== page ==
Ray Gurney's work on the outside of the case progressed steadily as we also began work on the interior of the case and a cast of staff from across the Museum became more involved in the project.
Outside the case
This week, Ray finally finished the laborious work of stripping the outside of the showcase.
We have decided to replace the laminex strip with a new protective strip, this time made of painted plywood. We will reinforce the corners of the case with brass strips and have a small protective wood block barrier attached to the floor around the base of the case. Hopefully the pram and trolley wheels we think responsible for much of the damage to the base of the case will be kept at a safe distance!
Inside the case
Work begins on the inside of the case ...
First, the end doors were removed. These doors have apparently not been opened in around 15 years - which makes the state of the crocodiles, almost dust-free, all the more remarkable.
With the doors off, conservation and preparatory staff crawled (carefully) into the case to remove the specimens. This delicate process, done early in the morning to avoid visitors (and Museum staff) was almost incident free and all the case contents are now in the conservation lab with conservator Sheldon Teare for assessment and treatment.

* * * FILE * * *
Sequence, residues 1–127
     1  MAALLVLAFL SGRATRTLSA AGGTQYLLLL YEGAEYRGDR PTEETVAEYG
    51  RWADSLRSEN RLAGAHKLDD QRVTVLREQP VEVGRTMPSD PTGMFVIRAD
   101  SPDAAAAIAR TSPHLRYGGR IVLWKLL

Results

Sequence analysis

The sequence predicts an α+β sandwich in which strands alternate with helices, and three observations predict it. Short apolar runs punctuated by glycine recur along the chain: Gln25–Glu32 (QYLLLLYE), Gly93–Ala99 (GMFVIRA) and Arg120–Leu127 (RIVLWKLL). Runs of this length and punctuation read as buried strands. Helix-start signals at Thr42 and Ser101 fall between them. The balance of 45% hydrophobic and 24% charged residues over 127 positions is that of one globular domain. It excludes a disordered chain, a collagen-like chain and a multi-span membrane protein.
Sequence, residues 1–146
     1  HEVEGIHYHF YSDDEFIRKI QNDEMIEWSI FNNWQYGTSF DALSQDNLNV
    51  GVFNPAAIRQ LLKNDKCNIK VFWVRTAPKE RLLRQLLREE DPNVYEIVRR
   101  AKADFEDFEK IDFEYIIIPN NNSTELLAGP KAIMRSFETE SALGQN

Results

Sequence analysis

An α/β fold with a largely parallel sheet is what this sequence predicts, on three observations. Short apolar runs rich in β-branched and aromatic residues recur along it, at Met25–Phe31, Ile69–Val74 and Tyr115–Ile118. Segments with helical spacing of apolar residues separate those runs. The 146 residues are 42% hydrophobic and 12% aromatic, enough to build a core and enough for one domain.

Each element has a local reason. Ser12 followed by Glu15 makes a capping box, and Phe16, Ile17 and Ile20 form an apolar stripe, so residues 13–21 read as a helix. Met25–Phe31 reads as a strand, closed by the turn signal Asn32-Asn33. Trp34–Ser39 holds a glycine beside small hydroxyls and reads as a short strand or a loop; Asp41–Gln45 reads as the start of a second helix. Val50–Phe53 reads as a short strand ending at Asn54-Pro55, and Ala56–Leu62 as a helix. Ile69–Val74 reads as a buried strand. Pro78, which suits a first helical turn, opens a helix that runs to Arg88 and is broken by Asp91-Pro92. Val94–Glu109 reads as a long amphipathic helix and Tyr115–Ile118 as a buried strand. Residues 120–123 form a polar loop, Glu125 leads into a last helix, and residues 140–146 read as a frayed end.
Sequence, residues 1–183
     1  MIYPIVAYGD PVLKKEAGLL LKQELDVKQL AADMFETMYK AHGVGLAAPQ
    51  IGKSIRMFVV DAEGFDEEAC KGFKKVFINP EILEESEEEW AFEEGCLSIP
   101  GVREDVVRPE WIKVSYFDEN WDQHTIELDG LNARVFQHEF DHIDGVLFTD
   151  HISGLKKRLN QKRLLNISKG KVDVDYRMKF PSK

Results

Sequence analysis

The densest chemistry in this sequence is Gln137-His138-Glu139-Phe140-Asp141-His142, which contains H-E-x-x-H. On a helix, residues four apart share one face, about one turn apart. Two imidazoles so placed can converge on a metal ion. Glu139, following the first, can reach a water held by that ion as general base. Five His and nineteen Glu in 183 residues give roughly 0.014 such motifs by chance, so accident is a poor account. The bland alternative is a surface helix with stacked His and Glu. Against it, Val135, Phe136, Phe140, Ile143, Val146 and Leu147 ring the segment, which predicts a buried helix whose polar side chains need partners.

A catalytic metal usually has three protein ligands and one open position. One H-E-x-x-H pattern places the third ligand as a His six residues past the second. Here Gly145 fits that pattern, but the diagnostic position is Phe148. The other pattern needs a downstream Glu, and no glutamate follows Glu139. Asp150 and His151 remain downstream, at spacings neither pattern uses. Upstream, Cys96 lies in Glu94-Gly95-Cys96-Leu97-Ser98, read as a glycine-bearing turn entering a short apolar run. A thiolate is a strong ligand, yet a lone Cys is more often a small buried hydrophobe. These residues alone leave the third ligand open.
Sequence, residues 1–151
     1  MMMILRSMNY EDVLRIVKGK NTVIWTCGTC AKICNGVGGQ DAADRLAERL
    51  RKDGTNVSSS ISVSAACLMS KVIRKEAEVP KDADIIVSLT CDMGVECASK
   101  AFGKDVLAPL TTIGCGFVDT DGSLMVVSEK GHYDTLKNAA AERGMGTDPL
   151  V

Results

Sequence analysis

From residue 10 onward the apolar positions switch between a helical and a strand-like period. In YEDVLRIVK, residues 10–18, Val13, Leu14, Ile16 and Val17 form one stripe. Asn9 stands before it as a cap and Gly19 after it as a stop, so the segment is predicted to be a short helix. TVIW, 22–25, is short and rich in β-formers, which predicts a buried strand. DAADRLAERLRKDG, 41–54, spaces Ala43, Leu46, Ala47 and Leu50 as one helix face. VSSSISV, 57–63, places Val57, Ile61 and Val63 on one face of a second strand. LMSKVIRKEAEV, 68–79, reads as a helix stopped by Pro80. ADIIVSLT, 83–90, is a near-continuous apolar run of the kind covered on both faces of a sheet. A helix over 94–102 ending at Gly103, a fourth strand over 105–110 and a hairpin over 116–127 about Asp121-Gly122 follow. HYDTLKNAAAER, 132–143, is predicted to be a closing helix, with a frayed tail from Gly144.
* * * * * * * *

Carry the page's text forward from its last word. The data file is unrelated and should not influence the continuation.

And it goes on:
The sand that had been spread across the base of the case was also removed by Prepator Col Johnson. Our initial thinking was that we would remove the sand, clean it and replace it. Probably added around the 1970s, the sand soon began to look like more and more of an oddity and we agreed that the 'original' base will be a more appropriate look for the restored case.
Of course, even deciding what is the original base is is not simple, as there appear to be two base layers. But more on this tangle once we remove the first base layer to see what is underneath later this week.
Col also removed the sand coating from the stand holding the big croc and painted it matt black (the original colour) to match the outside of the case.
Getting the specimens out of the case has allowed us to see their identification tags for the first time. We are still working on finding out more about the history of these crocodiles with staff from Herpetology collections.
The beautiful snake casts were also removed. One turned out to be a rubber fraud added in the 1980s -- though there was a moment's panic when it began to wobble when we moved it!
And hidden right up the back of the case against the back wall was a beautiful hand blown glass tube with a cork stopper and a snake skin inside.